I'm going to tell you about the previous place I worked at, because at my current (contracting) job things are a bit more start-up-ish and free flowing. Genuinely, Canonical — specifically teams that grew out of the Launchpad team as-was — has some of the best development methodology going, and I constantly refer back to it. The last project I worked on before I left was this one; luckily that team was entirely ex-Launchpadders, so we kept the same development flow.

So, the tools first:
  • Bug tracking / feature requests / code reviews / specifications ("blueprints"): Launchpad. Old and not as widely used as Github, but my god was the bug tracker a good one (disclosure: I wrote a lot of it, so I'm tooting my own horn here).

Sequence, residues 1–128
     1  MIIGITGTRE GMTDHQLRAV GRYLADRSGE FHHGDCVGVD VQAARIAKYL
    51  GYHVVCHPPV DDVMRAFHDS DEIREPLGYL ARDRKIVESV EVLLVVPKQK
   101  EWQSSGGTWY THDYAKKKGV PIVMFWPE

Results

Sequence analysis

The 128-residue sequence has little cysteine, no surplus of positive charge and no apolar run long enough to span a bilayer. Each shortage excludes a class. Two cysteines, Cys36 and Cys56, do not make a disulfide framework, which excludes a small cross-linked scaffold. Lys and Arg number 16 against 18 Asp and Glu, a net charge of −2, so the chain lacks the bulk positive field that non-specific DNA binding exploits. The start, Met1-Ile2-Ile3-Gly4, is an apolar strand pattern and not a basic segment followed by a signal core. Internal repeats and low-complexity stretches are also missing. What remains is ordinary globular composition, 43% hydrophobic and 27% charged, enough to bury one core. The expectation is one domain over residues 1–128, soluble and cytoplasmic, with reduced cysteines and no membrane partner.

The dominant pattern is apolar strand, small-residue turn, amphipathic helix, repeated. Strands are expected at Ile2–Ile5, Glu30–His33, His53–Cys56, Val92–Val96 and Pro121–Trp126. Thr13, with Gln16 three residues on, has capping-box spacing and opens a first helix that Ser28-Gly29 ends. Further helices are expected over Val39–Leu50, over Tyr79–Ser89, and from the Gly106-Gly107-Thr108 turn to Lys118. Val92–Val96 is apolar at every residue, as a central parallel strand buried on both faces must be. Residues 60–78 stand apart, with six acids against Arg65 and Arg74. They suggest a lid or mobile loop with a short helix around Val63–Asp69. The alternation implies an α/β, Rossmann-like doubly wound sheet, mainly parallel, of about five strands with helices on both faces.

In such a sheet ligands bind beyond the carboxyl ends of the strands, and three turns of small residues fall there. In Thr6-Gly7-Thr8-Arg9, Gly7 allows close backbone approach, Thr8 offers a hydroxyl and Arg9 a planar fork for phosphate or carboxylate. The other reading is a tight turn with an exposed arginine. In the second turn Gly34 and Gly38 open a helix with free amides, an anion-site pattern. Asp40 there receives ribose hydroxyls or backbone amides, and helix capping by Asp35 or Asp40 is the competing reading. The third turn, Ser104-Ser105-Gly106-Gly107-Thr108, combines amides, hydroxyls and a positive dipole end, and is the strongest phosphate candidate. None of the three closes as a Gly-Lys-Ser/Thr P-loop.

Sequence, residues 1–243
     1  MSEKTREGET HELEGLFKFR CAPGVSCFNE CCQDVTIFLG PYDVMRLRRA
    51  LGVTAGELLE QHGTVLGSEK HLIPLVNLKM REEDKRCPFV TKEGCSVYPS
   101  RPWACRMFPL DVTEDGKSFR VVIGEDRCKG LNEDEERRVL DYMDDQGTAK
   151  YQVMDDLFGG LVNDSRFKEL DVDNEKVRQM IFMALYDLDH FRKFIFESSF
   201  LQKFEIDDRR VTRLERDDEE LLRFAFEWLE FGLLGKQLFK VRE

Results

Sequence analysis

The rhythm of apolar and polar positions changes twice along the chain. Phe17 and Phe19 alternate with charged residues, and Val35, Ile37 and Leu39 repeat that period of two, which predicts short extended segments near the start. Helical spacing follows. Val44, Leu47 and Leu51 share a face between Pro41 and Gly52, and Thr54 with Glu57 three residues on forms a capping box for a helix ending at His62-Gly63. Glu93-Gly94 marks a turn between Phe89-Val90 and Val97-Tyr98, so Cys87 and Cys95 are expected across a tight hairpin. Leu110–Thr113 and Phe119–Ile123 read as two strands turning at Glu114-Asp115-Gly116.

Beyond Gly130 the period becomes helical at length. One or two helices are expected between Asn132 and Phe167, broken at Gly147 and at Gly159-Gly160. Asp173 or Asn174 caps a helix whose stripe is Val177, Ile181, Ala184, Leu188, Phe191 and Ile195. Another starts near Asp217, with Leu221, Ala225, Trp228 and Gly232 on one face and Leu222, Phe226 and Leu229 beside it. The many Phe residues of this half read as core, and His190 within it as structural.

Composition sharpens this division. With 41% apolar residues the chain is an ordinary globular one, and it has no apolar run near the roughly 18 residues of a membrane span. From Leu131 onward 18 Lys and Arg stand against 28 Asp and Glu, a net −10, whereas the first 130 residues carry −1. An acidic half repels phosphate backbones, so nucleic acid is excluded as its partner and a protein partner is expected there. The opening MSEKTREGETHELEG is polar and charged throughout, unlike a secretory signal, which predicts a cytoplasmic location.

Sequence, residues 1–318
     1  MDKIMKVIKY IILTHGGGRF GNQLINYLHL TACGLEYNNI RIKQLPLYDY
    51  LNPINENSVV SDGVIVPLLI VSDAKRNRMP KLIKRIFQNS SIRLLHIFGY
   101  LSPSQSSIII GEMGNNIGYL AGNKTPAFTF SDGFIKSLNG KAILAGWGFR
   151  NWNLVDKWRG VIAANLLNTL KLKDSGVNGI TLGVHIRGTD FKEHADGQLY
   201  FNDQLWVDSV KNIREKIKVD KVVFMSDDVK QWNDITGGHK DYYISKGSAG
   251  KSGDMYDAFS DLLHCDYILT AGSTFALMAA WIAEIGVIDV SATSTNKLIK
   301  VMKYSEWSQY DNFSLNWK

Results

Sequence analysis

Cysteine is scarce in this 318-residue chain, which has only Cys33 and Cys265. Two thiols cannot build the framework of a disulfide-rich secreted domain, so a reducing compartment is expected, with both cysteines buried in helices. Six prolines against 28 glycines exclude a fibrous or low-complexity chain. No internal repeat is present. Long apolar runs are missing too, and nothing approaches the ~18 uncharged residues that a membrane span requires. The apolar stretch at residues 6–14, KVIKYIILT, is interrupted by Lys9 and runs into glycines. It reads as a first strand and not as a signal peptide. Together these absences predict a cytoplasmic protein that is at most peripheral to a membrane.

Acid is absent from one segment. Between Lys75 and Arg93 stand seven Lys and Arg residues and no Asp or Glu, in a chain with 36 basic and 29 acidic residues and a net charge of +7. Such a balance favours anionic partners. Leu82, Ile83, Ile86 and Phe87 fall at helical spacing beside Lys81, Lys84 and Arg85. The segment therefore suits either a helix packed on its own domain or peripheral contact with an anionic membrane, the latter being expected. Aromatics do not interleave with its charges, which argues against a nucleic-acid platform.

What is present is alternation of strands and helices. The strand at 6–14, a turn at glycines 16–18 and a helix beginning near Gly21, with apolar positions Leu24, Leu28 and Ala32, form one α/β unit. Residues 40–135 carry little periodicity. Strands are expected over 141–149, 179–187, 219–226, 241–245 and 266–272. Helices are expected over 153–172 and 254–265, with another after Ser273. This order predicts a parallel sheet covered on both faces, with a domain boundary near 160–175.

• Work tracking: Kanban. Brilliant for coordinating and visualising work, if used correctly. The backlog would often fill up because we a) couldn't see it by default and b) had too much other work on to deal with it all, but mostly this was a great resource for us.
  • Source control: Bazaar. Another Canonical-built too. I've a soft-spot for it because I got so used to using it. Just as good as Git or Hg in my opinion, but sadly lost the battle to be a front-line VCS.
  • Continuous integration: Jenkins (or, in days of yore, Buildbot) and Tarmac.
The workflow, which was as close to Lean / Kaizen as we could get, went something like this:
  1. Grand Vision is expounded by Self-Appointed Benevolent Dictator for Life (sabdfl).
  2. Team iterates over Grand Vision, working out the details, breaking it up into user stories, and the user stories into development / design tasks
  3. Team agrees on targets for the feature. The key parts of this are the user stories and a "We'll know we're done when" for each of those and for the feature as a whole.